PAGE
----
Determining if a New Technology is Aligned with Your Business Strategy

16.06.21 11:52 AM Comment(s)

Technology and Business Strategy Alignment

When evaluating new technology for your business, it is critical to have a firm grasp on your company’s current state and a vision for the future. This level of awareness, coupled with a strategic plan, will play a key role in developing the requirements for any technology considerations.  For example, a low to mid-market shipper is looking to purchase a Transportation Management System (TMS). This shipper has heard a lot about the value of implementing a TMS and how it can help them grow in the space, but there are many software options available. How will they know which TMS to choose? Because a technology implementation can be a large expense, the ideal solution will be the TMS that aligns with their business strategy and can also adapt to meet their business requirements as they grow. To determine this, the shipper will need to identify their current functionality needs.


When identifying functional requirements, considerations should extend from the executive business strategy to the end user who is responsible for execution. Quite often the day-to-day challenges that face end users are lost, or not considered when evaluating (and implementing) new technology.  Businesses should consult their front-line users and middle managers while discussing any new strategic technology initiative.  This ensures that the top-level vision aligns with solution capabilities for the end user to execute effectively.  Many people refer to this as a “bottom up” approach.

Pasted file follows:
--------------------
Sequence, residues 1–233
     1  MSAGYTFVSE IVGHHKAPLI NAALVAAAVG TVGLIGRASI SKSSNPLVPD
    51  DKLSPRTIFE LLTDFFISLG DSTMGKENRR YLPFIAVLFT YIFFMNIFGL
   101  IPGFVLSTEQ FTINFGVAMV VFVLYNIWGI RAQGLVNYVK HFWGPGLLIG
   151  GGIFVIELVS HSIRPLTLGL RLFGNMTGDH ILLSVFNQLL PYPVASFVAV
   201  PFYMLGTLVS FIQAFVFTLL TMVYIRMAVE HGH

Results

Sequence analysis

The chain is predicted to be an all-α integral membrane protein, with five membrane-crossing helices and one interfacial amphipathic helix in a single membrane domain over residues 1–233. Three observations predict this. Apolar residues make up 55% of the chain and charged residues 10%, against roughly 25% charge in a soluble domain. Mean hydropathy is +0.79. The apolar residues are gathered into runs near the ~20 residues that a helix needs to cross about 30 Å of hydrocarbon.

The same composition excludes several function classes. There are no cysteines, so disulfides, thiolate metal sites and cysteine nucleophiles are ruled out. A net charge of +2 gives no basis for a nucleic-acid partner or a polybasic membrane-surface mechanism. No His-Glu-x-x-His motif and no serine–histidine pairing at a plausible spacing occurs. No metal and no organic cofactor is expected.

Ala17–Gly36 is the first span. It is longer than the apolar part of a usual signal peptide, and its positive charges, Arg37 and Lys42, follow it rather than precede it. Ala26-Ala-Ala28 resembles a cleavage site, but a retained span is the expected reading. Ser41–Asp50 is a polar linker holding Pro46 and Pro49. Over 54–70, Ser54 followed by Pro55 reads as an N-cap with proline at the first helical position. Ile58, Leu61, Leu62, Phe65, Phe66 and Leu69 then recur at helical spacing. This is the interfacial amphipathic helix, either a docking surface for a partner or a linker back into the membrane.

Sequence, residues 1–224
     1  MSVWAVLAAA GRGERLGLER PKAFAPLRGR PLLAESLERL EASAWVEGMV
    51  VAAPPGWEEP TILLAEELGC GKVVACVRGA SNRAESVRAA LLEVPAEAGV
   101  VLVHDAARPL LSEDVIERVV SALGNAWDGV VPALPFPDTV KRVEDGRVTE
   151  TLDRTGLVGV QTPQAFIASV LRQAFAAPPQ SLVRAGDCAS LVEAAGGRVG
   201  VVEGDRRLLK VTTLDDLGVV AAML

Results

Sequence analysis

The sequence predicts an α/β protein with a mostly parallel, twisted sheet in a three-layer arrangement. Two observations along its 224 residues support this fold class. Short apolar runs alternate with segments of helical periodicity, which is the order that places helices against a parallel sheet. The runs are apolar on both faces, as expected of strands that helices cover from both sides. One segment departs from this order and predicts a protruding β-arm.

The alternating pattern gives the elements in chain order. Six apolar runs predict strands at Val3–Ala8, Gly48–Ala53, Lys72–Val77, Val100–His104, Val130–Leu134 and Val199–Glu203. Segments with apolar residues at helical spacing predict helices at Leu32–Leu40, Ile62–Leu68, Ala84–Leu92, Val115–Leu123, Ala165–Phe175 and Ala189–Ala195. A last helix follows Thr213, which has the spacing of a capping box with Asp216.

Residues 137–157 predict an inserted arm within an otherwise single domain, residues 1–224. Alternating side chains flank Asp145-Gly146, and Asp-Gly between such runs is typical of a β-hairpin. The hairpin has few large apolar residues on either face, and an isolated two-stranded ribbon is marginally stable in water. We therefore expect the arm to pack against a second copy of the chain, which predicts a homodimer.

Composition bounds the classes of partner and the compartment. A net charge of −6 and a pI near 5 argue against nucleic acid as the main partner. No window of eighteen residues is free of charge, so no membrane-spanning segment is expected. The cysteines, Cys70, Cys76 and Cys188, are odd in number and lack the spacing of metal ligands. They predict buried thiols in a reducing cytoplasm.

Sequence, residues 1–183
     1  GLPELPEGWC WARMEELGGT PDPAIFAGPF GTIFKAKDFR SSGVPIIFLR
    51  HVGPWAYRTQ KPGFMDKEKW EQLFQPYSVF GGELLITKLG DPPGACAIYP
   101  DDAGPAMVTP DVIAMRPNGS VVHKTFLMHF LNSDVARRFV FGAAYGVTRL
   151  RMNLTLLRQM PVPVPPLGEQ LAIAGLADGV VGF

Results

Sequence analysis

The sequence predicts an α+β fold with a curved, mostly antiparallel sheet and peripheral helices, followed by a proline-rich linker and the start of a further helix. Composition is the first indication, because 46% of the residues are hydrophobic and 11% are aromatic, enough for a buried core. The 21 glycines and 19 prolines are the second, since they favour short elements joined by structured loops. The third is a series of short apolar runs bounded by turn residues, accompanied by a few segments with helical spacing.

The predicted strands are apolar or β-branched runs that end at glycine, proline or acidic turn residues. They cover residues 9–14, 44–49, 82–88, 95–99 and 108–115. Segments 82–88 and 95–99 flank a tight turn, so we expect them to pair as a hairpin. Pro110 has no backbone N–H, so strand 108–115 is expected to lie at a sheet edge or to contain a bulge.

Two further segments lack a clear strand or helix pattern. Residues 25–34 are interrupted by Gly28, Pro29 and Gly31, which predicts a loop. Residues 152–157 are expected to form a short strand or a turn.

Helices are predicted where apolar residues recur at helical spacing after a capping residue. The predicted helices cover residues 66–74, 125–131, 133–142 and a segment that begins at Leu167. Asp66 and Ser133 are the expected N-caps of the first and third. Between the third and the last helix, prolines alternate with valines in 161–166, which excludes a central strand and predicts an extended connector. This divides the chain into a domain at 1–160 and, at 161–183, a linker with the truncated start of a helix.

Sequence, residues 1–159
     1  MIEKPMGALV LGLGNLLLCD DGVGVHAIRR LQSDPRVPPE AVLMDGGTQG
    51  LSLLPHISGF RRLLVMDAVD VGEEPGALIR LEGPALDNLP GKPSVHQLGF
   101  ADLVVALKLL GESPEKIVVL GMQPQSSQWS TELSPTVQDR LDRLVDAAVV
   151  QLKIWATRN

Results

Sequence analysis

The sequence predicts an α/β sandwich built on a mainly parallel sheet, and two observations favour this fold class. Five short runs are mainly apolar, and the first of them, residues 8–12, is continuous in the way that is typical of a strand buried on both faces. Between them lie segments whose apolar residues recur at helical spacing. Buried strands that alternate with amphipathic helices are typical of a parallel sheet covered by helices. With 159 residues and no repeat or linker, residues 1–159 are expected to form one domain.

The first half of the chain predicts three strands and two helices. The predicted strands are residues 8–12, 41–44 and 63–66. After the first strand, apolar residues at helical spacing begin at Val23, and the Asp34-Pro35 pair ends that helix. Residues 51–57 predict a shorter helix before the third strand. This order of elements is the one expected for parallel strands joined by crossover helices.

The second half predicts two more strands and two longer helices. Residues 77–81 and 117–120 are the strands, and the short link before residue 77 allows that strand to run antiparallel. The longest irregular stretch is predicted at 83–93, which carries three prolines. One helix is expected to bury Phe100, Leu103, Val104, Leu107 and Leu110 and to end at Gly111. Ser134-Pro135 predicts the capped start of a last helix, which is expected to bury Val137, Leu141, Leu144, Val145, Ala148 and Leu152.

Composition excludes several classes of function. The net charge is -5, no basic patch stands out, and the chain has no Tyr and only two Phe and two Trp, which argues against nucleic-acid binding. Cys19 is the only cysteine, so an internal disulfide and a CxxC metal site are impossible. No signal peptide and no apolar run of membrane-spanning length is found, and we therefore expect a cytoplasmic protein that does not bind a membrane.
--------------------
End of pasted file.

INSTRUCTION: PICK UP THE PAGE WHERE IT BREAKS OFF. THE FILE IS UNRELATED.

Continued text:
When reviewing day-to-day operational needs, the minutiae can derail an entire strategy. Take for an example, a multi-provider Supply Chain Execution (SCE) solution being implemented across TMS, OMS and WMS. The OMS receives the orders and sends them to the TMS to be optimized for parcel, LTL and TL shipments and routing, which is then sent to the WMS to be picked and packed. However, due to the way the warehouse is setup for pick and pack, their workflow and integration dataflows have to be matched to the existing infrastructure. If not, there will be an immense level of location level change in infrastructure and workflow changes that is unnecessary. Capturing this level of requirement in the evaluation and planning phase is critical to confirm solution capabilities and the proper data flows. Without a substantial understanding of this flow from front-line users, the project can easily be derailed. 


Once the current functionality requirements from the executive level to the end-user are met, businesses should then compare the technology’s offerings to their projected future state.  If a shipper currently only requires LTL functionality, but plans to incorporate TL in the future, does it make sense to invest in a technology that can only support LTL?  We will discuss this in further detail, as we continue our deep dive into topics of consideration when making a business software selection.